Rake migration issue

I’ve encountered a problem running Rake migrations. This is in a
fresh database (no prior migrations run).

001_create_incident_users
002_create_incidents

Running db:migration resulted in table incident_users being
successfully created, but Rake then aborted before migrating/creating
the second table.

So I then tried the following three permutations to coax a successful
migration of the incident table and got the same result each time.
Basically an incident_user migration is run (rather than incident) and
then the process aborts. The log file didn’t have anything further to
offer.

db:migration
db:migration incidents
db:migration VERSION=002

(in C:/RubyRails/rails_apps/rappEAHv8)
== 2 CreateIncidentUsers: migrating

– create_table(:incident_users)
rake aborted!
Mysql::Error: Table ‘incident_users’ already exists:

So I thought I would see if anyone has more of a clue than I do before
falling back on the MYSQL command line editor just to get things
moving along.

Thanks much,
Bill

You can try to do a ‘rake db:drop’ to drop all tables, then do a ‘rake
db:create’ and then finally again do ‘rake db:migrate’
Regarding the error in your second rake file, can you please share the
migration code within that file ?

Thanks & Regards,
Dhruva S…

Pablo
Picassohttp://www.brainyquote.com/quotes/authors/p/pablo_picasso.html

  • “Computers are useless. They can only give you answers.”

2009/8/31 zambezi [email protected]:

(in C:/RubyRails/rails_apps/rappEAHv8)
== 2 CreateIncidentUsers: migrating

– create_table(:incident_users)
rake aborted!
Mysql::Error: Table ‘incident_users’ already exists:

This sort of thing is unfortunately not that uncommon. The issue is
that the migration failed for some reason half way through, after
creating the incident_users table but before completeing the
migration. When you run the migration again it starts from the
beginning of the file and attemts to create the table, but it already
exists hence the error.
If you delete the incident_users table manually then try again you
will get the original error message again which may tell you more.

Colin

Hello Dhruva and Colin,

Thanks much for your responses. I think my latest reply went to
Colin’s email since it hasn’t shown up on the discussion list, so I
will recap. I dropped and recreated the db and reran the migrations.
Unfortunately to the same end with Rake aborting after the first
migration.

Don’t think it is a migration code issue since I can reverse the
migration order and still have the first table created followed by
Rake aborting on the 2nd.

Cheers, Bill

2009/8/31 zambezi [email protected]:

on db:create db_eahv8

You just want
rake db:create
It knows the db name from database.yml

Get this working before worrying about the next bit as if this won’t
work there is something fundamentally wrong.

Colin

Hi Dhruva and Colin,

Ran Rake again to drop and recreate the db without a specific name
reference. As before the db was created, although no errors or
protests this time. However subsequently running the migration was
deja vue.
Below is the migration code. It looks straight forward to me, but if
I knew what to look for I wouldn’t be here.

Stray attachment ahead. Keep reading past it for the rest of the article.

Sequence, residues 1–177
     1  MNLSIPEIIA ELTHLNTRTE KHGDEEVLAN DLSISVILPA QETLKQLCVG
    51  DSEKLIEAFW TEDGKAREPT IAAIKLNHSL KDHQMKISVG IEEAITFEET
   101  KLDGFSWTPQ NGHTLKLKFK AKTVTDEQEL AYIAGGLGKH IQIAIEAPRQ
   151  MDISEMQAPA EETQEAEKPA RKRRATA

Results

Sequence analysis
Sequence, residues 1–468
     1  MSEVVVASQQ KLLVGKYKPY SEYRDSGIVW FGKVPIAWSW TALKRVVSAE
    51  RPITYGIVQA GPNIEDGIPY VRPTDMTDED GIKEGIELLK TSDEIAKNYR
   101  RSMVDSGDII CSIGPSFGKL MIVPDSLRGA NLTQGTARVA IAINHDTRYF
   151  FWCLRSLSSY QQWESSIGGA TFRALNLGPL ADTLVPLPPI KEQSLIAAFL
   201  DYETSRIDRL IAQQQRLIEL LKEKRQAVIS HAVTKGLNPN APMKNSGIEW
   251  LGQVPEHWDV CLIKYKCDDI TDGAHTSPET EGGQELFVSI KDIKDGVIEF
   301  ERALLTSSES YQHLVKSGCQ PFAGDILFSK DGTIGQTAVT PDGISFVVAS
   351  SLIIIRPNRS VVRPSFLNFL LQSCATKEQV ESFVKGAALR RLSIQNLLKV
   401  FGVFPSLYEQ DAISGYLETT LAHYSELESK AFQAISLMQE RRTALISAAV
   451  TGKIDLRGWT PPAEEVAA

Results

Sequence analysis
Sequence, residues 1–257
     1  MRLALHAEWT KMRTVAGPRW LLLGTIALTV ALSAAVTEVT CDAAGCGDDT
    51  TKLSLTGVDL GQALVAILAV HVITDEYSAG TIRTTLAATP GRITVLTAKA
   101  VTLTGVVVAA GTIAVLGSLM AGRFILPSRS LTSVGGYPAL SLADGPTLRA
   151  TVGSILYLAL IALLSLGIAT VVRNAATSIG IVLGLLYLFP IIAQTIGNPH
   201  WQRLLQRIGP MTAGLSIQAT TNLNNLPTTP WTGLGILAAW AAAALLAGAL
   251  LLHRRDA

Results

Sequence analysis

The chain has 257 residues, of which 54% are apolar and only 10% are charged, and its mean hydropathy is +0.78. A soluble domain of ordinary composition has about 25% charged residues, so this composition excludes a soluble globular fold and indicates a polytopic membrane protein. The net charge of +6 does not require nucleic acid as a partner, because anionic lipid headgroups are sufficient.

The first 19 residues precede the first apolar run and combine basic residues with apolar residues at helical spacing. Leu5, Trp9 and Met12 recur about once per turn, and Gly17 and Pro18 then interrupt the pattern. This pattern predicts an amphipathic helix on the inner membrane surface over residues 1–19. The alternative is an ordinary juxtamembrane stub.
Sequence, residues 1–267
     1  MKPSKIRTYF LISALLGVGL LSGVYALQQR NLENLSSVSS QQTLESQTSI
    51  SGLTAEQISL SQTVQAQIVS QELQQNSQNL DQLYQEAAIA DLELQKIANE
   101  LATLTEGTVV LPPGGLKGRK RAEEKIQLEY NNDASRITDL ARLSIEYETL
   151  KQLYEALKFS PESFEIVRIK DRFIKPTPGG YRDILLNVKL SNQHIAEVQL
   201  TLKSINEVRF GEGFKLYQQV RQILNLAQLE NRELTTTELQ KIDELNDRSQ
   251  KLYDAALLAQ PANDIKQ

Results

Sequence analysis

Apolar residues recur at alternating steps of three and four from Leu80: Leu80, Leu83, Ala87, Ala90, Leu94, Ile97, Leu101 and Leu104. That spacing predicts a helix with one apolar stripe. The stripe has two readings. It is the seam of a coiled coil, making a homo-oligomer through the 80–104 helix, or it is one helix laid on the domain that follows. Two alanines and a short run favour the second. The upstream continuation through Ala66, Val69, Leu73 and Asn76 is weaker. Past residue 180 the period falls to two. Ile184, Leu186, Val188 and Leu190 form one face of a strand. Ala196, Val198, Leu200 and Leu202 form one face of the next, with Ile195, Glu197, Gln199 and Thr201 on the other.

Cheers, Bill


class CreateIncidentUsers < ActiveRecord::Migration

def self.up
create_table :incident_user do |t|
t.column :incident_user_name, :string, :null => false
t.column :position, :string
t.column :phone, :string
t.column :email, :string, :null => false
t.column :hashed_password, :string, :null => false
t.column :salt, :string
t.column :enabled, :boolean, :default =>
true, :null => false
t.column :last_login_at, :datetime
t.timestamps
end
add_index :incident_user_name
end

def self.down
drop_table :incident_user
end

end #end migration

Don’t think it is a migration code issue since I can reverse the
migration order and still have the first table created followed by
Rake aborting on the 2nd.

Actually, that tells me that you might have the same problem in both
migrations. Its’ possible that you have an exit condition in your
migration code that’s causing the error. How about showing the code?

2009/8/31 zambezi [email protected]:

Cheers, Bill
   t.column   :email,        :string,  :null => false
   t.column   :hashed_password,   :string,  :null => false
   t.column   :salt,        :string
   t.column   :enabled,       :boolean, :default =>
true, :null => false
   t.column   :last_login_at,    :datetime
   t.timestamps
  end
   add_index :incident_user_name

add_index takes 2 parameters, table name and column name.

The clue was in the error message

By the way you are using the old format for specifying columns, it
still works but probably best to use the latest technique.

Colin

Hi Colin,

I added the table reference for the indexes, reran everything and the
migration went through fine. Thank you for spotting the problem and
thanks to you and Dhruva for bearing with me.

As for my antiquated syntax, there is a lot of that. I appreciate the
pointer and assume you mean:

t.string :name

instead of

t.column :name, :string

Cheers, Bill

2009/8/31 zambezi [email protected]:

Hi Colin,

I added the table reference for the indexes, reran everything and the
migration went through fine. Â Thank you for spotting the problem and
thanks to you and Dhruva for bearing with me.

Glad to be of help, I should have spotted it earlier really. I don’t
know why the error did not specify a line number which would have
helped, normally I would expect a stack trace that would have shown
this.

As for my antiquated syntax, there is a lot of that. Â I appreciate the
pointer and assume you mean:

t.string  :name

instead of

t.column :name, :string

Yes, to be honest I found the earlier syntax more intuitive but this
seems to be the recommended way so I decided to switch over to it. No
need to change existing code though.

Colin

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